What Happens if a Gerbil Bites You? Can Bites be Dangerous?


What-Happens-if-a-Gerbil-Bites-You

Sharing is caring!

Besides being adorably cute, gerbils also come as friendly and sociable little creatures to keep you entertained. However, while many people are getting interested in owning gerbils, most don’t realize that they also bite. But what happens if a gerbil bites you? Is the bite dangerous? Does it hurt?

What happens if a gerbil bites you? It can be shocking, painful, and at times disappointing since gerbils are generally friendly animals. If your gerbil bites you, you might get angered and even threaten the gerbil in response. But that does not always work since gerbils are pretty emotional animals and will only become more afraid.

But what happens if your gerbil bites you till you draw blood? Do you punish your gerbil or forgive the pet? How do you even react to stop the gerbil from biting?

As such, we have sought out the best reactions and steps to answer what happens if a gerbil bites you.

How to react if your gerbil bites you

The best reaction to a gerbil’s bites goes a long way in determining the future relationship between you and your pet. Of course, you definitely won’t be rewarding the gerbil for biting you. But the reaction should be precise to avoid future altercations.

1. Go on the defense

Immediately as your gerbil bites, the natural reaction would be to let go or put them down quickly. However, like most rodents, gerbils have pretty strong teeth, which can unpredictably go deep. Also, quickly pulling away can also scare the gerbil enough to cause them to bite again.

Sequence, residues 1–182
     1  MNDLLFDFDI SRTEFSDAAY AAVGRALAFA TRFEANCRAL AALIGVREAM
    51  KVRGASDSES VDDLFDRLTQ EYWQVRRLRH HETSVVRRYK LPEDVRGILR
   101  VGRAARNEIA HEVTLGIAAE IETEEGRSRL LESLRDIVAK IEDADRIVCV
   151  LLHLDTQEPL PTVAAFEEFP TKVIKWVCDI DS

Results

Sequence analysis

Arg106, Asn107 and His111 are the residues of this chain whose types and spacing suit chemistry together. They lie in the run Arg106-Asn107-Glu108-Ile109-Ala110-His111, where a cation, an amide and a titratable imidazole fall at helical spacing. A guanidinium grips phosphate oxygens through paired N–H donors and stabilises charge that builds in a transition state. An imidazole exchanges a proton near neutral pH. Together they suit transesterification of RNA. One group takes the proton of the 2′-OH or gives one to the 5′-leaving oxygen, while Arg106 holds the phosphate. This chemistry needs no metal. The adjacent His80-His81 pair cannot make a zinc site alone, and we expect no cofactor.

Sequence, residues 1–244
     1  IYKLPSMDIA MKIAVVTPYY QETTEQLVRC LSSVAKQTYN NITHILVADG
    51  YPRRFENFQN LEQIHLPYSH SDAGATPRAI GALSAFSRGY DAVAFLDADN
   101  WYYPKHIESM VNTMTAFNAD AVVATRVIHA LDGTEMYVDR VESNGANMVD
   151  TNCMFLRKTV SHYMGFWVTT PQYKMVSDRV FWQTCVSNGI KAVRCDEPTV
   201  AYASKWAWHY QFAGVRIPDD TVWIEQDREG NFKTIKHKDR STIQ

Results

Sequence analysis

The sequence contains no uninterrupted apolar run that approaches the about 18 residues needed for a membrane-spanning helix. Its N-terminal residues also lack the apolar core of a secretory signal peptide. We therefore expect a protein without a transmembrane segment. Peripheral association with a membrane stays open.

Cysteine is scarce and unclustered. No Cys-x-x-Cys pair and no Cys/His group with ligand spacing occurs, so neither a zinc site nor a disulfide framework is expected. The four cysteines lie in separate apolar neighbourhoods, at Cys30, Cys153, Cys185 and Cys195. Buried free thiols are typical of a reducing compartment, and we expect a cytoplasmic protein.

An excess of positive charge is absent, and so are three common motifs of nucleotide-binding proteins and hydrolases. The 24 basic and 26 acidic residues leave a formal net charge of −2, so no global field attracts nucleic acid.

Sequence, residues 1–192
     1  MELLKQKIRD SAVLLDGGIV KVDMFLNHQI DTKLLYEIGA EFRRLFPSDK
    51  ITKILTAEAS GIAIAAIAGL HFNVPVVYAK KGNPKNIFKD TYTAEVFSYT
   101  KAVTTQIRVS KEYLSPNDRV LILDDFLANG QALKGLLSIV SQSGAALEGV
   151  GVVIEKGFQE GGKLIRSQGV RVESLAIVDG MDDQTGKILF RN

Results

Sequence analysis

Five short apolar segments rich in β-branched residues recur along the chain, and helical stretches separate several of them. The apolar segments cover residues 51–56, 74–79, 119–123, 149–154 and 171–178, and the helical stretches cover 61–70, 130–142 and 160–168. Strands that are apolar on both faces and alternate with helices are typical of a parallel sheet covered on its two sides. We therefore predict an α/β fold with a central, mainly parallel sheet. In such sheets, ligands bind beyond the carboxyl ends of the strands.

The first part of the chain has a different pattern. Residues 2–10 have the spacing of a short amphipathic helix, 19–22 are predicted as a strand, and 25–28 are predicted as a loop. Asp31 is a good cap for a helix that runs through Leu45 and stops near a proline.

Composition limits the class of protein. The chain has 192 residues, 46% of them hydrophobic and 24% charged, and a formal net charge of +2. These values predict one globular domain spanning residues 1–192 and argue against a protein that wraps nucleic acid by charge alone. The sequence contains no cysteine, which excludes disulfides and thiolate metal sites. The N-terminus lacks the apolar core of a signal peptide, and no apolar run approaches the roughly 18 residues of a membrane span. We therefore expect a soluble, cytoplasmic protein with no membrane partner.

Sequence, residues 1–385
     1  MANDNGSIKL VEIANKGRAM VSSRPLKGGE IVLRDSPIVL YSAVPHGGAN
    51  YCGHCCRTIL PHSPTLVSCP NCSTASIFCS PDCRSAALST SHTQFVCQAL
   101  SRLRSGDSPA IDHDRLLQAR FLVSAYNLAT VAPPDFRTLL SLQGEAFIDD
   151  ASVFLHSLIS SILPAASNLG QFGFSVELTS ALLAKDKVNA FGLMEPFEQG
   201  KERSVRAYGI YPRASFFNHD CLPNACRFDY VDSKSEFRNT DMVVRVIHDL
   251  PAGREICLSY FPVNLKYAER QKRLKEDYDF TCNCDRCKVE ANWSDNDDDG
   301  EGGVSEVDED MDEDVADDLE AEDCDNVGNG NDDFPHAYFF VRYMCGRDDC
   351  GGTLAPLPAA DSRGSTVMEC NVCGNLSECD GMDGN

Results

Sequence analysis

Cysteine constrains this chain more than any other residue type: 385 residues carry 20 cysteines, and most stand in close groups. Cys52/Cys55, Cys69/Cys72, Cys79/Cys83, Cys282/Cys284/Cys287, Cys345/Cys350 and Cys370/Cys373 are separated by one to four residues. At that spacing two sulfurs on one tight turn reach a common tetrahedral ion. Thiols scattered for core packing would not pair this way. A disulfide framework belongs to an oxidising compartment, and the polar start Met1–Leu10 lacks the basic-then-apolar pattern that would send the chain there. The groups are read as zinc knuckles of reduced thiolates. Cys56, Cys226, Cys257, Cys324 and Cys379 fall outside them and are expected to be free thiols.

Rather than have this happen, it’s wise to calmly remove the gerbil from the bite while lowering it down. Here, positive reinforcement is best put to use by going on in with defensive techniques.

For starters, you can try blowing air to make the gerbil feel unpleasant. A gentle poke on the gerbil’s nose also works in pushing the pet away from the bite. This works since gerbils always show displeasure behavior by gently tapping their noses.

2. Clean-Up

Despite best efforts, the gerbil bite may go deep enough to cause even a bleeding puncture or wound. Such situations call for a basic first aid procedure, which will have you first clean up the wound with warm running water. This helps remove potential infectious bacteria, hair, dirt, or other materials on the open wound.

After its best to also have a rinse using an anti-bacterial wash to ensure no bacteria is on the bite puncture. With the cleaning done, applying a bandage comes in handy to seal the wound and ensure it remains clean.

3. Seek medical help

A gerbil’s mouth carries different bacteria, so there is bound to be an infection, especially if the bite happens to break the skin. This is especially true if the wound is deep enough so that it possibly requires stitching. Here, a medical professional would offer the best advice on potential infections and how best to counter them.

How to not react if your gerbil bites you

  • Do not provoke or tease the gerbil
  • Do not squeeze your gerbil since it may result in deeper bites
  • Avoid shouting or lod noise which can scare the gerbil
  • Don’t chase the gerbil around its cage after a bite while handling
  • If the gerbil bites and runs to its hideaway, don’t reach out or intervene with open hands

Are gerbil bites dangerous?

Yes. It’s quite an unfortunate truth that Gerbil bites can be dangerous. For starters, gerbils carry many bacteria, and if they enter an open wound, infections are possible. This is especially if the wound is not cleaned thoroughly after the bite.

If it happens the bacteria is present, the gerbil bites become dangerous with the onset of infection. At the start, the most common signs of the injury infection include

  • Swelling on the bite wound
  • Pus forms inside the puncture
  • The wound turns red around the edges.

If the signs do show up, it would be best to see a doctor on the best antibiotics to counter the wound infection.

How you can prevent gerbil bites or scratches

how-to-prevent-gerbil-bites

While reacting correctly to your gerbil bite matters, preventive measures go a long way in eliminating early behavior. Understand that not gerbil bites emanate from the pet’s absurd reaction.